State Rep. Sam Hunt, D-Olympia, had what might have been a good impulse to help along a charter government effort for Thurston County. But his amendment to a bill letting Spokane County expand its commission from three to five members last week was hasty in adding Thurston County.
Rep. J.T. Wilcox, R-Yelm, called it a “coup” that would expand the Thurston County commission to five members in 2018 without a public vote.
Hunt said later the existing three-member commission limits discussions between elected commissioners unless they call a formal meeting. He said he considered the amendment after seeing the Spokane County bill and checking with members of Better Thurston, a good-government group that has been promoting a county charter proposal for the ballot.
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“I think it’s a good government issue. I think it leads to a better government,’’ Hunt said of a larger commission.
Hunt may be right, but Better Thurston, the group collecting signatures for a county-charter ballot measure, did not ask for the amendment. Jim Cooper, who had been involved in that effort to restructure county government, said he supported Hunt’s shortcut.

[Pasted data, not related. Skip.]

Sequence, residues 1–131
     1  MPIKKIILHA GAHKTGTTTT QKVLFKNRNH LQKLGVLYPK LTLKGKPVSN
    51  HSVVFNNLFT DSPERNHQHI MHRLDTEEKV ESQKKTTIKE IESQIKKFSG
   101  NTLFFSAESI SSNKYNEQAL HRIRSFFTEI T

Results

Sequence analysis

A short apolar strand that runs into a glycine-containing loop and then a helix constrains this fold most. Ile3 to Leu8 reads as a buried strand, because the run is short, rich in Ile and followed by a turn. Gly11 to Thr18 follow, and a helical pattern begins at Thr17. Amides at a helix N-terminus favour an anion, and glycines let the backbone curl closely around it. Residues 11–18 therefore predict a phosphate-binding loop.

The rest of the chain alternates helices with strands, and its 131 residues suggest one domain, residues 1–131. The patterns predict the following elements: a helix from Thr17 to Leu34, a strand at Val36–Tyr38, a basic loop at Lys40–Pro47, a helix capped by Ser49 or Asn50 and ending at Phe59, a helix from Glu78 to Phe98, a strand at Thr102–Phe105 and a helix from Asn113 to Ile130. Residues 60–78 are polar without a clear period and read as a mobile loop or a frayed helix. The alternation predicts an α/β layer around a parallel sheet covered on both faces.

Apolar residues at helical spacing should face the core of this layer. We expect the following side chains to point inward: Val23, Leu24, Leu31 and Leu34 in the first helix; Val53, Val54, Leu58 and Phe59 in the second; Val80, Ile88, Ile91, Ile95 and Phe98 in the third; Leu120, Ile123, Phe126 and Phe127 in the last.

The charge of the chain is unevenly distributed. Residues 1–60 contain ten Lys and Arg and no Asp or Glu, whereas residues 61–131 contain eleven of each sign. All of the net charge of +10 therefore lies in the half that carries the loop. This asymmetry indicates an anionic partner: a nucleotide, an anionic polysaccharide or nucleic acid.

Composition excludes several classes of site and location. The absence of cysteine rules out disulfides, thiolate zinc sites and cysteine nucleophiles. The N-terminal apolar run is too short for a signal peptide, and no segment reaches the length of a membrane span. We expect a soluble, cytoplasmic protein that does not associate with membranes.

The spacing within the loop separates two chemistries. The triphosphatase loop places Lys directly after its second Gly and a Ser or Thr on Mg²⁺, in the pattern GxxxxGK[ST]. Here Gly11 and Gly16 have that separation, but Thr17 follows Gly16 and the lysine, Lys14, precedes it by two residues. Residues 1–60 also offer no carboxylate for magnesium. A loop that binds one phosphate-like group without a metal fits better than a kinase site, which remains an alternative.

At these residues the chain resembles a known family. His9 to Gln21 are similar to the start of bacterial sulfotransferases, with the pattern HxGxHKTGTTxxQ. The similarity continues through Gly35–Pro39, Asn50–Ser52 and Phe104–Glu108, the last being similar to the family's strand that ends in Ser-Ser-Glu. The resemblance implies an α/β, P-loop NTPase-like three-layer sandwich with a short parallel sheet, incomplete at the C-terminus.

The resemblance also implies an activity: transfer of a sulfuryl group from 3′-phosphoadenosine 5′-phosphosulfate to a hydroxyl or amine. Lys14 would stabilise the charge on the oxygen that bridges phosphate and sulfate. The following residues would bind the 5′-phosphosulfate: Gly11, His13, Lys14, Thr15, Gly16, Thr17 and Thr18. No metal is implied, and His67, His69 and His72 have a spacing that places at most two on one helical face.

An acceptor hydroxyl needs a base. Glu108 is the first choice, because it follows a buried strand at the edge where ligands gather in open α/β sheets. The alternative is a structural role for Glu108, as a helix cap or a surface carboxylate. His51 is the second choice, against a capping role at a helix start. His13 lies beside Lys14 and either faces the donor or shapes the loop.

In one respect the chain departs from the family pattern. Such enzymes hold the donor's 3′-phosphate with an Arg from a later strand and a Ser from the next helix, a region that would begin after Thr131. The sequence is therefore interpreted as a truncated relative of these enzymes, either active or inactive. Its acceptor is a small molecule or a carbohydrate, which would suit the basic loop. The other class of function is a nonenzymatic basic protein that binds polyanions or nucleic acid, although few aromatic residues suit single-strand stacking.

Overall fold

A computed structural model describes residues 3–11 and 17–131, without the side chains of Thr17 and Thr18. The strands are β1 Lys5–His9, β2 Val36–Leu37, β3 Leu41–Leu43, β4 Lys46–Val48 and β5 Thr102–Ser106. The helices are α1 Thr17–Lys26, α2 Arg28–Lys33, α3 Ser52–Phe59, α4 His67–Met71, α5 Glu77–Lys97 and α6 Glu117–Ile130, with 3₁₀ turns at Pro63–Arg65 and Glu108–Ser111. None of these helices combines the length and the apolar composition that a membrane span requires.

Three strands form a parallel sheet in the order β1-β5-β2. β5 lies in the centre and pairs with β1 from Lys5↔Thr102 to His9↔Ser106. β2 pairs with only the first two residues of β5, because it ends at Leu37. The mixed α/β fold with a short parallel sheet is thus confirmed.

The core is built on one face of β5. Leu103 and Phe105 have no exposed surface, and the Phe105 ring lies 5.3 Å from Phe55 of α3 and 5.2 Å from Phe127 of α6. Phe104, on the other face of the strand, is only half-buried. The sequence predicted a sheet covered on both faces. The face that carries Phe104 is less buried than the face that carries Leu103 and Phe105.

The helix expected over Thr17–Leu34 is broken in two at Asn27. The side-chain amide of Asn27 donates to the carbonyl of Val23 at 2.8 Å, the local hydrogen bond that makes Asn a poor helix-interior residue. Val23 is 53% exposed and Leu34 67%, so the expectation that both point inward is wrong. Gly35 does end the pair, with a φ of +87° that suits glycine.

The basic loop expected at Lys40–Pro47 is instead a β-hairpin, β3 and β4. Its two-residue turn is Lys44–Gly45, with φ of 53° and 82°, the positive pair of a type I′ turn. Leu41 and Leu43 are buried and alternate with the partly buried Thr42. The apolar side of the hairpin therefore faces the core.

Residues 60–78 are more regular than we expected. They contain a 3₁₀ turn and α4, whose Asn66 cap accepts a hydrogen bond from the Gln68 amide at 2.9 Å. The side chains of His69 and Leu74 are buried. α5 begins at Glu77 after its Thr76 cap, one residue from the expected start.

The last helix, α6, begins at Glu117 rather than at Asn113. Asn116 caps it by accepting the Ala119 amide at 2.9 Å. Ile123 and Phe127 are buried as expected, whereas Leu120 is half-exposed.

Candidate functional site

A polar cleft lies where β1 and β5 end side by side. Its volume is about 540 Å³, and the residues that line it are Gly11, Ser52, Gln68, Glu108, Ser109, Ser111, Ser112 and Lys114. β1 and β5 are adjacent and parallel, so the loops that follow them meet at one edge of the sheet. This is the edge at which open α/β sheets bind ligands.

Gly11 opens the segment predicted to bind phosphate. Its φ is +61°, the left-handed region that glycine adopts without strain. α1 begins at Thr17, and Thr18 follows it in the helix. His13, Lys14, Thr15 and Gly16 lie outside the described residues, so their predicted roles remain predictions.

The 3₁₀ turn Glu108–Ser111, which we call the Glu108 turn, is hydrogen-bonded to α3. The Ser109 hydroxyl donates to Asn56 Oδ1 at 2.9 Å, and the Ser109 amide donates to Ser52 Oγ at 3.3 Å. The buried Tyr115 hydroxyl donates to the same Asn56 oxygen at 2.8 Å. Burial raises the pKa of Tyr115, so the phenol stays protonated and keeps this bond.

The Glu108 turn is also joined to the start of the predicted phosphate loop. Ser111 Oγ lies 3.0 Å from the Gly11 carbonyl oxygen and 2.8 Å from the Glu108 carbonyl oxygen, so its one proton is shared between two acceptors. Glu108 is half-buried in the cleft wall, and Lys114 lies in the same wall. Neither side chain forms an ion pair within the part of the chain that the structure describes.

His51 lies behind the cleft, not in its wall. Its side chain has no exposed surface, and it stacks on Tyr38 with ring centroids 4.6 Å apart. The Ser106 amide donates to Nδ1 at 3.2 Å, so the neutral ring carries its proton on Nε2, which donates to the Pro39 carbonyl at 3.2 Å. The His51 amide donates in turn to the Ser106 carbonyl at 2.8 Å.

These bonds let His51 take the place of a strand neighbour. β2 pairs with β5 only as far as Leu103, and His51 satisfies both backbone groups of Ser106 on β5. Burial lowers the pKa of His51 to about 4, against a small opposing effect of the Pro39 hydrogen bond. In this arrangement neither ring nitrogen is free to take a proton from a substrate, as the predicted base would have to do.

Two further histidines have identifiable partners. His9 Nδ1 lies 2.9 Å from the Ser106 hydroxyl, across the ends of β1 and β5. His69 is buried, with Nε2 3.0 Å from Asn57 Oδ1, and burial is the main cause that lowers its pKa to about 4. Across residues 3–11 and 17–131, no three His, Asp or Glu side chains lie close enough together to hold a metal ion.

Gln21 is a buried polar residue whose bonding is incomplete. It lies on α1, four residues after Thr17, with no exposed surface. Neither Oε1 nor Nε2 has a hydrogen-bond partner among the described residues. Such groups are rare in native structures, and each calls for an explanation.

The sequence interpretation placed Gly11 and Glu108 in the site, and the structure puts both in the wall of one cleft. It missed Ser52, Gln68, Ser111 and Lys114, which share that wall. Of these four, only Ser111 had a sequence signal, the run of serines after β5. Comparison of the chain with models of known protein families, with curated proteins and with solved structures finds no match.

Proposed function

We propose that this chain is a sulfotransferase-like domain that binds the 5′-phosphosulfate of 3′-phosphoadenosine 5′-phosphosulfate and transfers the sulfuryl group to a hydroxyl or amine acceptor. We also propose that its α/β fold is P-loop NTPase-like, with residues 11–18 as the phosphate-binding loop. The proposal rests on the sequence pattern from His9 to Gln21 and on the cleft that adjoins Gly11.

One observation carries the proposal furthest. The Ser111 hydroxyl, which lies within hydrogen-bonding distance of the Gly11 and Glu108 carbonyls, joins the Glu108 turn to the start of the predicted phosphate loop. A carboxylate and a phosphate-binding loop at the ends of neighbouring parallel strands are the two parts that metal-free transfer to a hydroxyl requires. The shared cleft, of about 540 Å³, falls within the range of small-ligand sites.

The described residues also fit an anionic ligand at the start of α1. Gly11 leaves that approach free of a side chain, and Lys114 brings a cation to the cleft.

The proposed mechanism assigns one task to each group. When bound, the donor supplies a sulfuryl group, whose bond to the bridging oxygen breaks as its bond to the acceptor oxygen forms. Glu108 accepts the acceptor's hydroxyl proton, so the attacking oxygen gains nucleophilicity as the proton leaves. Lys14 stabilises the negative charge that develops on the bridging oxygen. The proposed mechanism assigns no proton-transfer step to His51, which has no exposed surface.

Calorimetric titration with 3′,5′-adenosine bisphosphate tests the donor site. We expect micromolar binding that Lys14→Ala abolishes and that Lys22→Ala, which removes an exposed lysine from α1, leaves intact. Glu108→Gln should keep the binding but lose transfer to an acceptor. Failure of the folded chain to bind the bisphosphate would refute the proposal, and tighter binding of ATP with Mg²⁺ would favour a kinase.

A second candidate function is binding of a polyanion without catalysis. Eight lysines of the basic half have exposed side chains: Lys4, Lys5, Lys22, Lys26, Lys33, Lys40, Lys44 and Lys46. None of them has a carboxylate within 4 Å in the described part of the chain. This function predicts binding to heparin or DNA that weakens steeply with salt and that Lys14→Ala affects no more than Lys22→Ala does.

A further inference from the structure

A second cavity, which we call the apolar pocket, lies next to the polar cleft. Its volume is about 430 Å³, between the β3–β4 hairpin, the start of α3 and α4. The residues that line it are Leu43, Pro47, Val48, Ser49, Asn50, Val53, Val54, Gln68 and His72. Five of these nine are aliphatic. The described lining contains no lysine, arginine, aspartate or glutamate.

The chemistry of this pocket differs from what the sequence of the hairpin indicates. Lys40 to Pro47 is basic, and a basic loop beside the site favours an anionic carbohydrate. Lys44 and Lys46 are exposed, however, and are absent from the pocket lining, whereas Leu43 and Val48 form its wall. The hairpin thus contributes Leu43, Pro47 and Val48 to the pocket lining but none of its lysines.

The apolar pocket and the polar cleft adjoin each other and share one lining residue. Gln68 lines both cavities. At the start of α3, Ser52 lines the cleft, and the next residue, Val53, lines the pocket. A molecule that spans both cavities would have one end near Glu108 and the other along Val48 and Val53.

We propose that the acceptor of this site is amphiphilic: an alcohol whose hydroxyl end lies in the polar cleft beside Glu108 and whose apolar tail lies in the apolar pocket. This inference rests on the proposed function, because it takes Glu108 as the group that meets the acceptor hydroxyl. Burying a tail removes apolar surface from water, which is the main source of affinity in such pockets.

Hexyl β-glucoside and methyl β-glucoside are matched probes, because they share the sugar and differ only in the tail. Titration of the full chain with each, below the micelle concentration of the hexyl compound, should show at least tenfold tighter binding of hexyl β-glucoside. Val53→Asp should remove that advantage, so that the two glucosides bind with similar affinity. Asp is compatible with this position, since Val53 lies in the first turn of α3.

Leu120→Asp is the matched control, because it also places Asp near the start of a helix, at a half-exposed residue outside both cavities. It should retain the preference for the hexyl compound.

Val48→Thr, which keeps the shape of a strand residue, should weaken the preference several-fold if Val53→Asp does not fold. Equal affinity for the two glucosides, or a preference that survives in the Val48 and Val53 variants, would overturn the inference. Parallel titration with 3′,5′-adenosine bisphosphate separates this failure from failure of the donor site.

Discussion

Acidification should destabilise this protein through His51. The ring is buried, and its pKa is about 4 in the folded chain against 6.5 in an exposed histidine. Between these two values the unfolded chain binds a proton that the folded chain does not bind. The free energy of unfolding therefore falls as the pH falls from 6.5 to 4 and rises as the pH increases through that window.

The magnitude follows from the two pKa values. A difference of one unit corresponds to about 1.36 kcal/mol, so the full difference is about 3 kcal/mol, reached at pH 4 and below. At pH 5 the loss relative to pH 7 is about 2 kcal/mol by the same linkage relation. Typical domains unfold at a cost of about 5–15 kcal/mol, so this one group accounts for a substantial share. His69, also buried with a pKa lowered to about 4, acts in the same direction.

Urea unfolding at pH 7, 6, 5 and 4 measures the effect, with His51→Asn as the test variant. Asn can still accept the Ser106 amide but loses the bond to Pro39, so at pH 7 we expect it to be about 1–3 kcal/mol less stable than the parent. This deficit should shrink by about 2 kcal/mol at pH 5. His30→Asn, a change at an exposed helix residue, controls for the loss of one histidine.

What happens next is a big question. Wilcox predicted that Hunt killed the bill’s chances in the GOP-controlled Senate.
Sen. Karen Fraser, D-Thurston County, said she has supported the charter concept, but thinks that “at a minimum,” the five-member commission should be an option — not a mandate for Thurston County.
Hunt’s move caught County Commissioner Sandra Romero by surprise. Romero says five commissioners could be costly at a time the county is swamped by criminal justice costs, and there isn’t space at the courthouse to house two more commissioners.
The way to better government is through a public, democratic process. In this case, that means a lot more local discussions — and a public vote — are needed.